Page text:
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Small Units Need Big Data Pipes

I came across an interesting Marine Corps Gazette article, by retired Marine Col. Vincent Goulding, on their experimentation with a company-sized rifle team as the primary expeditionary maneuver unit. We’ve written before about how the Marines are leading innovation and experimentation with small units optimized to battle hybrid enemies –- state and non-state armed groups that mix guerrilla tactics with advanced weaponry.

The Marine Corps Warfighting Laboratory has been trying to right size its company level headquarters to provide command and communications equivalent to what’s typically found on the large and bandwidth-friendly forward operating bases (FOB) but in more remote and austere expeditionary environments. In an article he wrote this summer, Goulding said the mantra for the company level headquarters was simple: “if it couldn’t come off the ramp of an MV-22 [Osprey], it was not part of the package.”

It’s a tall order. But the Marines view it as vital to its emerging warfighting concept that emphasizes distributed operations: the ability of small units to operate independently, at a fast and fluid tempo when either dispersed or concentrated. Think here of German sturmtruppen tactics from World War I developed to infiltrate heavily defended trench lines, or, more recently, Hezbollah fighters that operated in small dispersed, yet highly lethal, groups in the 2006 Lebanon war.

Hezbollah of course is the hybrid enemy archetype and there is certainly emulation if not outright imitation in the Marines effort. As Dakota Woods, a super smart analyst and retired Marine at the Center for Strategic and Budgetary Assessments (CSBA), put it: “perhaps to beat Hezbollah you must fight like Hezbollah.”

The key to making distributed operations work is pushing down to the company and platoon level the high-tech computer based command and control and key “enablers,” such as aerial drones for surveillance and on-call artillery and bombers. Now, all that good stuff is usually kept under the firm grip of zealous field grade officers at the brigade or battalion level.

The Marines realize that getting a rifle company ashore, either by Osprey or amphibs, is the easy part. The hard part is fighting the company across large, complex battlefields. Getting that FOB quality communications to a small headquarters will be a huge challenge. As Goulding writes, getting drone video feeds and other data sharing to small units, “will require robust pipes that currently do not exist in on-the-move tactical systems.”

Existing tactical military satellite linked communications systems are too cumbersome and don’t provide near enough bandwidth: “There is no place for generators and satellite dishes in the MV-22 or expeditionary fighting vehicle,” he writes. Yet, without the big data pipes, distributed operations won’t work. “Viable on-the-move, over-the-horizon tactical communications is a nonnegotiable requirement on distributed expeditionary battlefields.”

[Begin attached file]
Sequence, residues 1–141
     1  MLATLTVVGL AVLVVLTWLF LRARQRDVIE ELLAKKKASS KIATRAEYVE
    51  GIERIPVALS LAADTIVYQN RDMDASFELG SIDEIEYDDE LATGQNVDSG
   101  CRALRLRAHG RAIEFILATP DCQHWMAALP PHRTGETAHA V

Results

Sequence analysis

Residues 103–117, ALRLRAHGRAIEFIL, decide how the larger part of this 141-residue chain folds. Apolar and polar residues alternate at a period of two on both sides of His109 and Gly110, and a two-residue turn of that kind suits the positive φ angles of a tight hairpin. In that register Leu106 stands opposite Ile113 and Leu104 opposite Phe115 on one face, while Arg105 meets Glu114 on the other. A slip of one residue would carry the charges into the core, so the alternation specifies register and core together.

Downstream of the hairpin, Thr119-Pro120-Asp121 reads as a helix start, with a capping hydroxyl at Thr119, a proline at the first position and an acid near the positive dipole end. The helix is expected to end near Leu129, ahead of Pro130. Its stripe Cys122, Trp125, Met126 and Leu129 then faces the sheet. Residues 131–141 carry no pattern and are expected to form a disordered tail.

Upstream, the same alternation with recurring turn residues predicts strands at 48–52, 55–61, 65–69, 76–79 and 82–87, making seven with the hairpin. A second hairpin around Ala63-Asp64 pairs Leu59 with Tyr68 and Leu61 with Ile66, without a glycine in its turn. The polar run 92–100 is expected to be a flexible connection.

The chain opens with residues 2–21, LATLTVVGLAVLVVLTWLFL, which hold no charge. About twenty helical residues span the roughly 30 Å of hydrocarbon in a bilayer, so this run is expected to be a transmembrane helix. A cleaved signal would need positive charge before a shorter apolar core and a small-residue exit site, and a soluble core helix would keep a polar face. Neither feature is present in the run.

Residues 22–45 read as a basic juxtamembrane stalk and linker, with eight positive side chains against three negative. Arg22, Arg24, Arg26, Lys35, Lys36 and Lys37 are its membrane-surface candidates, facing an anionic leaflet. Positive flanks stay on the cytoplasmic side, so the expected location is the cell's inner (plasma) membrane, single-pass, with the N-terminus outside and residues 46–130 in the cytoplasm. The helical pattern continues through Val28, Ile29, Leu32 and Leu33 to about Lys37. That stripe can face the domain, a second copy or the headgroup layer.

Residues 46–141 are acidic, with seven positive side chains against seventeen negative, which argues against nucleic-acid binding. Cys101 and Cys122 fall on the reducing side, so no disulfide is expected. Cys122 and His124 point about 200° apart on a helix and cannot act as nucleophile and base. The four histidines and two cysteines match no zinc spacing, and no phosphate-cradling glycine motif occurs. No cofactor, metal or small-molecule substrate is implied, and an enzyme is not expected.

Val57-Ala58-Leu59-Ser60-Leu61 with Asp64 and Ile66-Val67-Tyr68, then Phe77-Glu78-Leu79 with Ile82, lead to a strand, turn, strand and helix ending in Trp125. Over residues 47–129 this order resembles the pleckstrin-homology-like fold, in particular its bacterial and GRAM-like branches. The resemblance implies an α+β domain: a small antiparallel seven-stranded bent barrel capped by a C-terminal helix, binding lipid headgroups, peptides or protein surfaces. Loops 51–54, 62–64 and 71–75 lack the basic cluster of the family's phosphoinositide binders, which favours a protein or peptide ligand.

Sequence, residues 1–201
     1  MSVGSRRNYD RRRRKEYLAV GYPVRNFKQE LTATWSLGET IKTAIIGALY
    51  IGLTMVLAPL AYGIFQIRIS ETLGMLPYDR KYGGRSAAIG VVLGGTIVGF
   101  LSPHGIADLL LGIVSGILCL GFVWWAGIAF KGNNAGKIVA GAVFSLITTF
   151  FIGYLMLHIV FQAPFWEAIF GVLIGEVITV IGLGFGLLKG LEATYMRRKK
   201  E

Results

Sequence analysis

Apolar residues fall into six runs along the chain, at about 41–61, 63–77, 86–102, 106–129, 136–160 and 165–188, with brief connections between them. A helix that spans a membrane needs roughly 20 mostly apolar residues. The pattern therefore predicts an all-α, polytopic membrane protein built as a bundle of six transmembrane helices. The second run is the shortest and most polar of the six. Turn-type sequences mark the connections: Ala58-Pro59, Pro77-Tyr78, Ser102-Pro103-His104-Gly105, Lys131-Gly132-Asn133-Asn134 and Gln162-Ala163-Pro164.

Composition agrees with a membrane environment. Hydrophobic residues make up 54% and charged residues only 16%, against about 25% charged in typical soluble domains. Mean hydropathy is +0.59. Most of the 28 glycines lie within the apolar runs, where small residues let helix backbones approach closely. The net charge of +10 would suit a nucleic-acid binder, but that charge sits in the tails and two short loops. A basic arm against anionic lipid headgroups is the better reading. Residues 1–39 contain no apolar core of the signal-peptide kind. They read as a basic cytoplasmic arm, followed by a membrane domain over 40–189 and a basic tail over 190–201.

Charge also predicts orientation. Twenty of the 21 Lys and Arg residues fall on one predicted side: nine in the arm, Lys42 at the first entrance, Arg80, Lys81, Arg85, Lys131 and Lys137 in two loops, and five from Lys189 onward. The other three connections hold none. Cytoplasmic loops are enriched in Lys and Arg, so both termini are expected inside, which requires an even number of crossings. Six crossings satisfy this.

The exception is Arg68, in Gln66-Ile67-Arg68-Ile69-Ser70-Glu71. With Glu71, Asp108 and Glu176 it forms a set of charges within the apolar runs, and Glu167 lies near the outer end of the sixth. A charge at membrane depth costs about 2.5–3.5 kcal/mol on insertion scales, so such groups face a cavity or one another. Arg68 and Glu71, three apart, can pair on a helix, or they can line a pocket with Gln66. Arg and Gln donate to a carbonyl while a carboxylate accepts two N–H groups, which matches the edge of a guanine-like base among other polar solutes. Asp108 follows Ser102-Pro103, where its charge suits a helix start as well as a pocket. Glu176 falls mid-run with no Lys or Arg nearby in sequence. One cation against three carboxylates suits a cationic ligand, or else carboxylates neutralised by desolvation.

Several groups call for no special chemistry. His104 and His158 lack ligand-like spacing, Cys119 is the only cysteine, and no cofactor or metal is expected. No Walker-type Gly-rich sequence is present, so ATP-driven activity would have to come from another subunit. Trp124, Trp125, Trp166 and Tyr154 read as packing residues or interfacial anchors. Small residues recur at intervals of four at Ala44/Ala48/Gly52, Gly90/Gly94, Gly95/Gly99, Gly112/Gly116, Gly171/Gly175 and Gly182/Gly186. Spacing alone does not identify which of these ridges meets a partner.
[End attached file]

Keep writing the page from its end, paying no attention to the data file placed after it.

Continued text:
While a fifth Advanced Extremely High Frequency (AEHF) satellite has been commissioned since Defense Secretary Robert Gates killed the Transformational Satellite -- the ultimate secure on-the-move communications solution -- the first AEHF bird has not yet flown, though the program appears now to be on course. And, while it will provide the military with bigger pipes, AEHF will not provide secure, on-the-move communications.

While industry lags in providing the needed communications architecture, the Marines are plowing ahead experimenting with fighting the rifle company. Next summer, the company landing team will be dropped into the “rugged” Kahuku training areas on Oahu, Hawaii, for four days of tests against a “hybrid threat.”

The company will be beefed up with aerial drones and unmanned vehicles for resupply, a platoon of 155mm towed howitzers and a large scout section for reconnaissance and calling in indirect fires. The tests will look for capability gaps and whether the company headquarters can handle calling in fires, handling logistics and directing the company’s platoons. CSBA’s Wood told me he thinks these company level units will need a major as commanding officer instead of a captain.

One thing that stands out in the company table of organization is the glaring lack of direct fire weapons; it doesn’t even include a Javelin anti-tank missile section. Perhaps the idea is that on-call fires will substitute for direct fire capability. It’s hard to see how that pans out though. Engagement ranges in complex urban battlefields are often too close to effectively use artillery or air strikes. One of the things that made Hezbollah so lethal when they battled the Israeli military in 2006 was their prolific use of anti-tank guided missiles as portable artillery.

These ideas are still in the experimental stage so organizationally the company will certainly change. It will be interesting to see where the Marines go with the small unit, distributed operations concept. This trend of configuring ever smaller units into ever more lethal packages is likely to continue.

Colin Clark contributed to this story.

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